When considering the impact of the coalition’s spending plans it’s worth noting the impact they claim it will have on the Britain’s debt. There are 3 key figures to consider:
- The total public debt. I.e. the total amount the government owes. According to the June budget, the official public sector net debt stood at 53.5% of GDP in 2009/2010 and was projected to rise to 74.4% of GDP by 2014/2015, had we stuck to the previous government’s plans. Under the coalition’s plans, the figure for 2014/2015 is just under 70% of GDP by 2014/2015, peaking at just 70.3% the previous year and falling to 67.4% by 2015/2016. In other words, even with the additional reductions in planned spending and increases in tax, the UK’s debt as a proportion of GDP will still grow for the next 4 years.
- The budget deficit. This is the shortfall between total public spending and tax revenues for any given year. Again according to the June budget, the public sector net borrowing stood at 11% of GDP in 2009/2010, and was projected to fall to 4% of GDP in 5 years time under the previous government’s plans. Under the coalition’s plans, the deficit is projected fall to 1.1% of GDP by 2014/2015, and the “cyclically adjusted” deficit is project to be eliminated that year and go into surplus in 2015/2016.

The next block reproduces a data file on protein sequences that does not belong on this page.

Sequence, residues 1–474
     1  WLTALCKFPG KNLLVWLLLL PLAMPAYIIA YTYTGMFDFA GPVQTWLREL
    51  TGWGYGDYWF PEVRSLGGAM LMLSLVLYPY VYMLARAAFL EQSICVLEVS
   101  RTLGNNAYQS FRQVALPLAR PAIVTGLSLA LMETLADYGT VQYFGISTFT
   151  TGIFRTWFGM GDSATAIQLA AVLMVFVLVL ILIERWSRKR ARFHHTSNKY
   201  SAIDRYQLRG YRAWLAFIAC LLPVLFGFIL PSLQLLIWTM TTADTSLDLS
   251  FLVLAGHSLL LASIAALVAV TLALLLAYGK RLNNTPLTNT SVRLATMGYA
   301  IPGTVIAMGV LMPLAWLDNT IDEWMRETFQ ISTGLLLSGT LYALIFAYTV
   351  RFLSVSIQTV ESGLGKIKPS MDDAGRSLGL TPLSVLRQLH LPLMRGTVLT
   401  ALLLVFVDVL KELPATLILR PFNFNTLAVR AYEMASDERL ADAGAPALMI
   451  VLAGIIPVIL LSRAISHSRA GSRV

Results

- The interest paid. This the minimum amount the government has to spend to service the debt (more needs to be spent to reduce it). This figure was projected to rise from £30.3 billion in 2009/2010 to £67 billion by 2014/2015 under the previous government’s plans. It is now project to rise to £63 billion in 2014/2015 and £66.5 billion in 2015/2016.
Thus the difference between the coalition’s plans and the previous government’s plans is that the former would see the deficit eliminated and the debt as a percentage of GDP starting to fall by 2015/2016, where both would still be increasing under the latter. And these figures are all dependent on economic growth projections being realistic. If growth is slower than expected, then eliminating the deficit within the current timescales will require even larger reductions in planned spending or bigger increases in taxation than we’ve seen thus far.